Fitbit Luxe Teardown

Fitbit Luxe Teardown

 

Will the Fitbit Charge 5 Outshine the Fitbit Luxe?

Stacy Wegner

Stacy Wegner

September 9, 2021

 

We don’t know, and we do not comment on whether one device is better than its previous generation. What we do, is look at and compare generations of devices. And while we wait for our pre-order of our Fitbit Charge 5 to arrive, we will take a look at what Fitbit Luxe has inside of it.

Fitbit Luxe
Fitbit Luxe fitness band

Figure 1. Fitbit Luxe

Fitbit Luxe fitness band

Figure 2. Fitbit Inspire 2

The Luxe has other changes from the Inspire 2, including the AMOLED display, and a haptic assembly more similar to the Taptic Engines found in the Apple Watch and Apple iPhones.

Fitbit Luxe Haptic Driver

Figure 3. Fitbit Luxe Haptic Driver

Fitbit Luxe Haptic Driver

Figure 4. Fitbit Luxe Haptic Driver

Taptic Engine, Apple iPhone 12 mini

Figure 5. Taptic Engine, Apple iPhone 12 mini

What the Fitbit Luxe looks like from a Teardown point of view

It is unnecessary to do a Teardown a Luxe to see its rear sensors are different from that of the Fitbit Inspire 2, but we did. The specifications on the Luxe state it has a few sensors more than the Inspire 2.

Fitbit Luxe Sensors

Figure 6. Fitbit Luxe Sensors

Wearables, especially fitness trackers such as the Luxe and the Fitbit Inspire 2, can have many helpful health features such as heart rate monitoring, skin temperature sensors, and SpO2 sensors. A single MCU controls most, if not all, of these sensors. Fitbit had used Infineon (Cypress Semiconductor) PSOC controllers in many of their past fitness bands, but here in the Fitbit Luxe, we found Infineon replaced by the latest Ambiq ARM Cortex-M4.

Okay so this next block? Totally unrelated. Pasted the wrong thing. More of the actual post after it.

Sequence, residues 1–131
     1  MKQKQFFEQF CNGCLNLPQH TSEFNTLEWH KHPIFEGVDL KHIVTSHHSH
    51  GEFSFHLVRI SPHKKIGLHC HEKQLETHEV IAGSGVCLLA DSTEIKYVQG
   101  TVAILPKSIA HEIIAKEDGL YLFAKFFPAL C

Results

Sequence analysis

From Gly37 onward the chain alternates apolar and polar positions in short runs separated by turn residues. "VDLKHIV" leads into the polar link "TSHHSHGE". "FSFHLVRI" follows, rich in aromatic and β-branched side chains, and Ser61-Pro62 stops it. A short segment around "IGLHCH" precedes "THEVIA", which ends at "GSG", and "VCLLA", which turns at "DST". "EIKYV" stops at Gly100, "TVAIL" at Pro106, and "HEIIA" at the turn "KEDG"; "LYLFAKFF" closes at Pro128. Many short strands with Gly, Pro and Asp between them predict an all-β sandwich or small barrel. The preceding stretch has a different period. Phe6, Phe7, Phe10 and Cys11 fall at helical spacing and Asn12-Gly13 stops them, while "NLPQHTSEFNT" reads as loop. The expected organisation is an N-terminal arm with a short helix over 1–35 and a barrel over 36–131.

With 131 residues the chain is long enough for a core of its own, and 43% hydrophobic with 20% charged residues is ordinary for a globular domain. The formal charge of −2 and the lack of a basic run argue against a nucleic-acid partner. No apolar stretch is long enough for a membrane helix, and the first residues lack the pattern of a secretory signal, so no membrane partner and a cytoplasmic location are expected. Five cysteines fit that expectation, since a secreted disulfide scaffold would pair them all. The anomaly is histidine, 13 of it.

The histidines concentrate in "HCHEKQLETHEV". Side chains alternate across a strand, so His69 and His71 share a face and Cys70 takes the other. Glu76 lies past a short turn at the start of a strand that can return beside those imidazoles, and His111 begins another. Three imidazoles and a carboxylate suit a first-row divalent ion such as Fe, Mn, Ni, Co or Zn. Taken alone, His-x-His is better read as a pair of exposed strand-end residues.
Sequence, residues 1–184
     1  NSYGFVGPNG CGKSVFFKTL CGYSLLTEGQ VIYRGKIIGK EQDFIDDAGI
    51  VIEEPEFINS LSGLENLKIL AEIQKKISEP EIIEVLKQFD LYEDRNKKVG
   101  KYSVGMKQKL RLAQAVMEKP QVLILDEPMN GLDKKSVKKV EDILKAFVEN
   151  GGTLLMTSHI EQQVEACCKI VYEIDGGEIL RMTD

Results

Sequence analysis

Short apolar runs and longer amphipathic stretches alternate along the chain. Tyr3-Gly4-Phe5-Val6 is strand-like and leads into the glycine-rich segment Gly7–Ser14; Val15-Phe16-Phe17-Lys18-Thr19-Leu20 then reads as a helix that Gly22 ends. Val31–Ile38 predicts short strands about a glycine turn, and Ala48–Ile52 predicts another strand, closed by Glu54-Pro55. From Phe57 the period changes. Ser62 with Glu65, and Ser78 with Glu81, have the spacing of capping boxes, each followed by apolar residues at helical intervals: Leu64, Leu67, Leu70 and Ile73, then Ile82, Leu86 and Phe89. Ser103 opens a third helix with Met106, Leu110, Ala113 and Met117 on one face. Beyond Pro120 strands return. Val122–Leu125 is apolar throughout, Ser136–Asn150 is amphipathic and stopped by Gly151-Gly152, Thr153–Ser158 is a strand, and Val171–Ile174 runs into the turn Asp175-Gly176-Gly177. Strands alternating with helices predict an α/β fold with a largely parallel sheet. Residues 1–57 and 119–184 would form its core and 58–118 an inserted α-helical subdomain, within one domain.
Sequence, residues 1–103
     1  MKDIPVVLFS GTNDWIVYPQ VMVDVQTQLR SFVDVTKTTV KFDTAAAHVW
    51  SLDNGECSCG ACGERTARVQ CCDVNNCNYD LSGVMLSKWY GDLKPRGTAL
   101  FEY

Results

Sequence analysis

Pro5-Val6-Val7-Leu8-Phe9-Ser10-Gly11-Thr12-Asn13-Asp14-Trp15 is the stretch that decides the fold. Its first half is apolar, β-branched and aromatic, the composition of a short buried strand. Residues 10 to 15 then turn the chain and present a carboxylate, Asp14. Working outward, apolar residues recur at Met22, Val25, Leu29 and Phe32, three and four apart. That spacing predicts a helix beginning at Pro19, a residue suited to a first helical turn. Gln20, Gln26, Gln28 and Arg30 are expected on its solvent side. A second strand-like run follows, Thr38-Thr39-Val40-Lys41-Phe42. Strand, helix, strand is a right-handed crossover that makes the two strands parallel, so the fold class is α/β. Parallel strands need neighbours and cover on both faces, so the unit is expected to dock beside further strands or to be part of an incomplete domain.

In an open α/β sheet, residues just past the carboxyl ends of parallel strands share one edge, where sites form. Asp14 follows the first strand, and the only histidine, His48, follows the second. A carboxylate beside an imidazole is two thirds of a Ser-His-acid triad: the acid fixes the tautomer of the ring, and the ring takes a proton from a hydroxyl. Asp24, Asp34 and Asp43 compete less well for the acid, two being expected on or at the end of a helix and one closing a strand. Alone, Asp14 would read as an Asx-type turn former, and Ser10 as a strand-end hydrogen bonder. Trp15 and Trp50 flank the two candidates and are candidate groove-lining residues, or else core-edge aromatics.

Ambiq™ Apollo4 Blue eMRAM Provides a Very Large, Efficient, Non-Volatile Memory

Fitbit Luxe Board Shot

Figure 7. Fitbit Luxe Board Shot

Ambiq™ Apollo4 Blue MCU package

Figure 8. Ambiq™ Apollo4 Blue MCU package

However, this new Ambiq™ Apollo4 Blue is not just another ARM Cortex-M4 SoC. Instead, the Apollo4 Blue has embedded MRAM, or eMRAM and is our first such IC to add to our library. The TechInsights memory experts have started three separate analyses, and our subscribers can now see the preliminary images today and stay up-to-date as the reports progress.

Comparing the package sizes of the Infineon PSOC 6 used in the Inspire 2 and the Ambiq™ Apollo4 Blue used in the Luxe, the Infineon is a two die package, but the second die is the Bluetooth Front-end die. The Infineon MCU has a package with 104 pins and an area of 19.2 mm2. The Ambiq™ Apollo4 Blue is also a multi-die IC. However, it has 131 pins and a larger package area of 22.1 mm2.

A 16Mb eMRAM array module with TSMC 22ULL process on Ambiq Apollo-4 Blue MCU die

Figure 9. A 16Mb eMRAM array module with TSMC 22ULL process on Ambiq™ Apollo4 Blue MCU die

 

We are still in the process of completing the full Deep Dive Teardown of the Fitbit Luxe, but we expect to find this new Apollo4 Blue SoC controls all sensors and Bluetooth functions. Stay tuned.


 

Tags:  Fitbit    Ambiq™    Teardown    Haptic    eMRAM    Emerging Memory  

 

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